Many of the things that got criticism are things I actually liked. I really dug John David Washington’s character being “the Protagonist.” I mean, I’m a Doctor Who fan so I’m good with heroes with no names. I’m also fine with a lot of wibbly-wobbly timey-wimey stuff. Yes, the characters wear a lot of masks that make them (very occasionally) difficult to understand; that’s how the characters have to be sometimes. I’m also good with the escalating grandeur of set pieces. Many reviews went down the road of “Well, if you can do X, why not Z instead of Y?” but that’s kind of like arguing with any plot. The plot Nolan gives us is just fine.

Also, I really wouldn’t be mad if John David Washington were the next 007. Just saying.

Favorite Movies of 2021

I’ve been watching more movies during the pandemic. I haven’t done a complete breakdown by genre, but since I’ve done four different horror movie A–Zs during 2020 and 2021, I’m going to guess a fair amount of the increase is in the horror genre. Why horror? Definitely no cathartic reason. No, not at all. I just like horror.

Number of movies watched per year according to my Letterboxd account:

  • 2018: 74
  • 2019: 112
  • 2020: 159
  • 2021: 161 (thus far)

But the real question here is, “What were my favorite movies that I watched for the first time in 2021?” Links to my previous thoughts are provided.

The Big Movies

I’ll be honest, I do love a big movie.

  • Ford v Ferrari (2019)
  • Tenet (2020) – I’ll have more to say about Tenet in the near future.
  • Dune (2021) – The most unabashedly “movie” movie on this list. I know it isn’t how Denis Villeneuve wanted me to see Dune, but I was very grateful that it streamed day & date on HBO Max. Trust me, Mr. Villeneuve, I really wanted to see it in a theater, but I’m just not there yet. I hope when part two comes out I’ll be able to catch a double feature.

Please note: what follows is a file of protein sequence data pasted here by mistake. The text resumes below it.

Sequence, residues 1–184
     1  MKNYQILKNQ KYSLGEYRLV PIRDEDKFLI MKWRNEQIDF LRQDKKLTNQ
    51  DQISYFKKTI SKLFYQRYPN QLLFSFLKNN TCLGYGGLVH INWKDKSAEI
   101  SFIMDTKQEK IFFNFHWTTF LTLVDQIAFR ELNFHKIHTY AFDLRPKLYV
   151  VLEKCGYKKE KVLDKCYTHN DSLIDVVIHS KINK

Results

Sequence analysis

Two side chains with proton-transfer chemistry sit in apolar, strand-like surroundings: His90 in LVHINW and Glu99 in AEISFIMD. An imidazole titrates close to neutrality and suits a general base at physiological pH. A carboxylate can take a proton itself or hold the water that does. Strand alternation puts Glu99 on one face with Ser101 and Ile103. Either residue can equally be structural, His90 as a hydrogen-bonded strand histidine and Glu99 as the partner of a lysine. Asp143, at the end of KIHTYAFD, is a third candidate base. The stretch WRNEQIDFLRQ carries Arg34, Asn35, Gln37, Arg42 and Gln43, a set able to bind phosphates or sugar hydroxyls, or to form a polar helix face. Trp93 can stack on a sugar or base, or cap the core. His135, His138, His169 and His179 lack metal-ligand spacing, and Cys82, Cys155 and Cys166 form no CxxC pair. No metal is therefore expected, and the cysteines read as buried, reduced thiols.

The Ones that I Thought About Later

  • Chinatown (1974) – I didn’t blog about Chinatown. I watched it for an online class that I was taking and I never quite got my thoughts together about it outside of class. Not surprisingly, there is a reason this is a noir classic.
  • Falling (2020)

The Horror Movies

The Documentaries

  • Surfing with the Enemy (2011) – Lance Henriksen shows up on this list twice because of course he does.
  • Scream, Queen! My Nightmare on Elm Street (2019) – Wait, I never blogged about Scream, Queen? There is an adage that you should only write a memoir or a biography if you have a unique story to tell. The same goes for documentaries and Mark Patton definitely has a unique story. It’s also an interesting discussion on text, sub-text, and added text.

There you go: ten movies, in no particular order. I blogged about Surfing with the Enemy and Gretel & Hansel in the same January 16th blog post and that feels like forever ago. Here’s hoping 2022 brings more good movies my way.

Cinema Saturday, 12/11/21

What have I been watching lately? Here’s a rundown:

Pig (2021)
Directed by Michael Sarnoski
Starring: Nicolas Cage, Alex Wolff, Adam Arkin

  • Weird, quiet, stylish film. I liked it.
  • Face blindness means you can watch Hereditary (2018) five times and not recognize Alex Wolff.
  • We now have a contender for “cute truffle pig” if they ever make a Chef Maurice movie.

Crazy Rich Asians (2018)
Directed by Jon M. Chu
Starring: Constance Wu, Henry Golding, Michelle Yeoh

  • I’m late to this party and was in the mood for a good rom-com. I was not disappointed.
  • With so many themes of class and manners, it had strong Jane Austen vibes.
  • Someone should arrest Awkwafina because she stole this movie.

Bad Education (2019)
Directed by Cory Finley
Starring: Hugh Jackman, Allison Janney, Geraldine Viswanathan

  • How did Hugh Jackman and Allison Janney not win more awards for this?
  • Finley and cinematographer Lyle Vincent make some weird shot selection decisions. There are reasons, I’m sure; I haven’t parsed them.
  • Recognized Alex Wolff this time (but I was expecting him).

Blue Ruin (2013)
Directed by Jeremy Saulnier
Starring: Macon Blair, Devin Ratray, Eve Plumb

  • Saulnier also wrote and directed Green Room (2015), one of my favorites.
  • I appreciate plots that unwind to conclusions that aren’t necessarily good for their characters.
  • Overall well-made and well-acted though it didn’t entirely hit with me.

Movie ~ The Matrix

The Matrix

Year: 1999
Runtime: 2h16m
Rated: R

Directors: Lana Wachowski, Lilly Wachowski

Writers: Lana Wachowski, Lilly Wachowski

Stars: Keanu Reeves, Laurence Fishburne, Carrie-Anne Moss

Initial: Rewatch. The Matrix Resurrections is coming out in a few weeks and it got me wanting to watch the original.